IRS Releases Final Forms for Individual and Employer Mandate Reporting
by Brian McLaughlin
Recently, the Internal Revenue Service released final forms and instructions for reporting on the individual mandate (Code Sec. 6055) and the employer mandate (Code Sec. 6056). While these final forms (1094-C and 1095-C) reference calendar year 2014, reporting for 2014 is not required. Employers will be subject to these reporting requirements for 2015 with filings due in early 2016. We expect revised forms reflecting the year 2015 to be issued in the future.
These finalized forms and instructions provide us with better insight into the information that employers must collect and track during 2015 in order to comply with this reporting requirement. In general, the instructions provide general clarification and additional examples that make the instructions more manageable than before.
Previously, there was confusion as to how to report self-insured employer-sponsored health insurance coverage for non-employees such as non-employee directors, an individual who was a retired employee during the entire year, or a non-employee COBRA beneficiary. The final instructions clarify that employers with self-insured plans may use Forms 1095-C and 1094-C for non-employees (as opposed to Forms 1094-B and 1095-B) to report minimum essential coverage. Those individuals will be reported on Form 1095-C by using Code 1G (offer of coverage to employee who was not a full-time employee for any month of the calendar year and who enrolled in self-insured coverage for one or more months of the calendar year) and completing Part III.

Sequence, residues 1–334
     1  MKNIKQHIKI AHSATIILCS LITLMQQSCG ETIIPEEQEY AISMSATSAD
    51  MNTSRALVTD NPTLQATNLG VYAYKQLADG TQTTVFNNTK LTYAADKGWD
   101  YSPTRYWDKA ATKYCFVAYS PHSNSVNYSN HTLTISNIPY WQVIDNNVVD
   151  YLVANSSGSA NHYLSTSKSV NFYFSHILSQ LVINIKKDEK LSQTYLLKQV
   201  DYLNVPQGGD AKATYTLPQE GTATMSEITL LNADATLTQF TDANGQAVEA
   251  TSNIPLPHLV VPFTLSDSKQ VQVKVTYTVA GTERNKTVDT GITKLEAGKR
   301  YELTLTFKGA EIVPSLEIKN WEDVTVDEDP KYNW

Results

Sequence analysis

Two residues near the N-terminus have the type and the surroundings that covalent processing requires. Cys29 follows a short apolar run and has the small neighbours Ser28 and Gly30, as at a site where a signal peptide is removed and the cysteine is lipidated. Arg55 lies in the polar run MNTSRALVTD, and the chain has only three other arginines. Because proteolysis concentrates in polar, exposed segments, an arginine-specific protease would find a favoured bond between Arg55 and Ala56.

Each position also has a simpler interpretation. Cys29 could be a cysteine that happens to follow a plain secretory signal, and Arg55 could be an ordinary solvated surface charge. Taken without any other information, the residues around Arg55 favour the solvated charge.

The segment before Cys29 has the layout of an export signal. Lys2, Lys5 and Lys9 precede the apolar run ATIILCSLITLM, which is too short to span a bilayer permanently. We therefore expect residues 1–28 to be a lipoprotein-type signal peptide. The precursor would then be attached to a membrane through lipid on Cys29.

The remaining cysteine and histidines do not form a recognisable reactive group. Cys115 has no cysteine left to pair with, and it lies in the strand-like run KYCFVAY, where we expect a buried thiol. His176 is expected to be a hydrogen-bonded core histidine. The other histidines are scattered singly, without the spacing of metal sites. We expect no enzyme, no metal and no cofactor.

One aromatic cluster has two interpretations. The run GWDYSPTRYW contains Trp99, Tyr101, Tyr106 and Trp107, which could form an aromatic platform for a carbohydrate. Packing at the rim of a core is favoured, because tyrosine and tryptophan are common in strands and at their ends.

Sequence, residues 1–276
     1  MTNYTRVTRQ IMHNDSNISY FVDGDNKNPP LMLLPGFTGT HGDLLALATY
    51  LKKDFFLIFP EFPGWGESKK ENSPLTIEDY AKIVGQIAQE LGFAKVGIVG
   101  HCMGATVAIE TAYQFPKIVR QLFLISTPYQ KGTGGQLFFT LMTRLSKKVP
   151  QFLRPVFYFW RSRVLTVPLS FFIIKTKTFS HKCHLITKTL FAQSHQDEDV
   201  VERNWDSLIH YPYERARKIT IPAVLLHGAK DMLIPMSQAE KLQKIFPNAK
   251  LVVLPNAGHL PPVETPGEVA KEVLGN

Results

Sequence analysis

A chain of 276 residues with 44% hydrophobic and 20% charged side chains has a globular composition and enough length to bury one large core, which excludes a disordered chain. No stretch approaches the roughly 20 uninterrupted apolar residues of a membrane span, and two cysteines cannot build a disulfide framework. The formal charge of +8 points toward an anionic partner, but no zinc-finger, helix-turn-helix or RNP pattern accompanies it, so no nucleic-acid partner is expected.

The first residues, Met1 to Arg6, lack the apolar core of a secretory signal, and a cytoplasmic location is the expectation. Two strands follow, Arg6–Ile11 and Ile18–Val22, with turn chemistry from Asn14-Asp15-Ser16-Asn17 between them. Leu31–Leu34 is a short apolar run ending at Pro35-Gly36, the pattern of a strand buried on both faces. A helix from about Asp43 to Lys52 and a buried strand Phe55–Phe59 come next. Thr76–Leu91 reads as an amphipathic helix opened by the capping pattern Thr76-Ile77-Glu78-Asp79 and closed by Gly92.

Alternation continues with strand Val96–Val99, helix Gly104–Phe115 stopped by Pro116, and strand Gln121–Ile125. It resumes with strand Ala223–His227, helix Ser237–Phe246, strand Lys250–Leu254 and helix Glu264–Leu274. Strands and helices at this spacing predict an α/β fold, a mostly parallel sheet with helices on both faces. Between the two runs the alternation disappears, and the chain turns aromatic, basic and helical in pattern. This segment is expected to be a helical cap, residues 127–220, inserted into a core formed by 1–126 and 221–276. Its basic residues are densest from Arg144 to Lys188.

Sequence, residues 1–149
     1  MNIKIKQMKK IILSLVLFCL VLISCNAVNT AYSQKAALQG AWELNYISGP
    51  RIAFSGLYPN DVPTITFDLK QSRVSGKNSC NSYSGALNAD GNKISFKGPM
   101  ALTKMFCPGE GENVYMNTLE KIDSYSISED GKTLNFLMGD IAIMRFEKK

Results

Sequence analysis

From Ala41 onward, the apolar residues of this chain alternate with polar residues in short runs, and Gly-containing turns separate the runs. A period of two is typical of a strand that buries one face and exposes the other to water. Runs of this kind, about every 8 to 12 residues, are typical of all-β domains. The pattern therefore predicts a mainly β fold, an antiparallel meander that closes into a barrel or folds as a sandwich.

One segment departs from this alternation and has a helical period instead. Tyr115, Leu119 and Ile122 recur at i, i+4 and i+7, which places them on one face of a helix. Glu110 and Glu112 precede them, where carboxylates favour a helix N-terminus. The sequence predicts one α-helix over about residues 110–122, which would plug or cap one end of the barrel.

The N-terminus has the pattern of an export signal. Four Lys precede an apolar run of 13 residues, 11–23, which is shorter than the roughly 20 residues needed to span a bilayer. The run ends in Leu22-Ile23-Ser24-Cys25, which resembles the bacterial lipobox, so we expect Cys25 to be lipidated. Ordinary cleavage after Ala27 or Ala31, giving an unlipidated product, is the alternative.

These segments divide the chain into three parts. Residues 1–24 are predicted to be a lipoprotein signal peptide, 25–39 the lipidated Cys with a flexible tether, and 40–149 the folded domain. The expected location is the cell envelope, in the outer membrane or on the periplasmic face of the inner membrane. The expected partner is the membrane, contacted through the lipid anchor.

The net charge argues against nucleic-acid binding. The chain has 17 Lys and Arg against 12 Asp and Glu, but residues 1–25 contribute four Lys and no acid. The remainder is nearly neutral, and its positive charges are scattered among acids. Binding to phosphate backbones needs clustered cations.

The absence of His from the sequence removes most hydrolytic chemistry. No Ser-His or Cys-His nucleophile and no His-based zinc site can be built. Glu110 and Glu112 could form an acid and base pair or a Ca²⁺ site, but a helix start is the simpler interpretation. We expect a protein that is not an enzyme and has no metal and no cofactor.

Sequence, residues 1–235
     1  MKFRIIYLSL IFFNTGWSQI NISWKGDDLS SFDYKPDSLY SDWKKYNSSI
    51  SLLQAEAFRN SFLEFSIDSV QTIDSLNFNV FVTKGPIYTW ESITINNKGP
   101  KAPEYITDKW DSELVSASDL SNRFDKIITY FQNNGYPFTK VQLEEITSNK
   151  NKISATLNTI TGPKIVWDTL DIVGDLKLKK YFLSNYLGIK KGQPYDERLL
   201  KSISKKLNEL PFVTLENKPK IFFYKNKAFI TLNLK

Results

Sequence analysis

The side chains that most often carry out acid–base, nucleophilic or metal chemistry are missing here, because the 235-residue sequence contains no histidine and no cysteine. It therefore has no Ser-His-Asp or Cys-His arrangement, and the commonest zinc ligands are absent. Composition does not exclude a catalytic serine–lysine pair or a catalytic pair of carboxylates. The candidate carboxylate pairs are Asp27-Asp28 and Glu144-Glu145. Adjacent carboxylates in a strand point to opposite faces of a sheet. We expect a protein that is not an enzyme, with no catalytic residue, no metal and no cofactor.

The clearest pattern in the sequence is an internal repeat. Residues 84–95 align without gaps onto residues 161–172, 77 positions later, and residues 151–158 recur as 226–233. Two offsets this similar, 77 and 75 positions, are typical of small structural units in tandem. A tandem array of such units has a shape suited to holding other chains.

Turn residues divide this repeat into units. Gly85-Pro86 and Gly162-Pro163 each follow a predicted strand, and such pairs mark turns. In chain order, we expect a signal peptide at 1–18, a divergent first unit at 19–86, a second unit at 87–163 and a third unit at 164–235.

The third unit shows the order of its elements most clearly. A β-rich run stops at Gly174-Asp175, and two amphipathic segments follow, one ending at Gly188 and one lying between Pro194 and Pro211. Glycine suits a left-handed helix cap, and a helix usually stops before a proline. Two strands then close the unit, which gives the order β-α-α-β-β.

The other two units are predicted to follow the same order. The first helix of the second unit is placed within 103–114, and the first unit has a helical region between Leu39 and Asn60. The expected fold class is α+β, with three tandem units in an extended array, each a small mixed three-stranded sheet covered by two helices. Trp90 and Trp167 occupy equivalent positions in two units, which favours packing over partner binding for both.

The instructions clarify that an employee who is treated as having been offered health coverage for purposes of section 4980H (even though not actually offered) is treated as offered minimum essential coverage for reporting purposes. For example, for the months for which the employer is eligible for dependent coverage transition relief, non-calendar year transition relief, or multiemployer arrangement interim guidance (if the employer is contributing on behalf of an employee but the employee is not eligible for coverage under the multiemployer plan) with respect to an employee, that employee should be treated as having been offered minimum essential coverage.
Waiting periods may be reported using the limited non-assessment period code, 2D.
Employees in an initial measurement period will not be counted for purposes of determining the total percentage of full-time employees offered coverage.
Additional clarification is provided in areas where completing the forms for a self-insured plan are different than for an insured plan.
There is clarification on which code prevails when more than one code could be used. Code 2C generally trumps everything. Employers should always use Code 2C if the employee was enrolled in coverage, but only if he or she was enrolled for the entire month.
Under the Qualifying Offer Method and the Qualifying Offer Transition Relief Method, it is now clear that full-time employees covered by a self-insured plan cannot be furnished the alternative statement for purposes of Part III, but should be provided Form 1095-C. Additional information on these forms will be available in the coming weeks. Large employers should review these forms and instructions and begin tracking and collecting data in 2015.
Brian McLaughlin is vice president of USI Affinity's Benefits Solutions Group.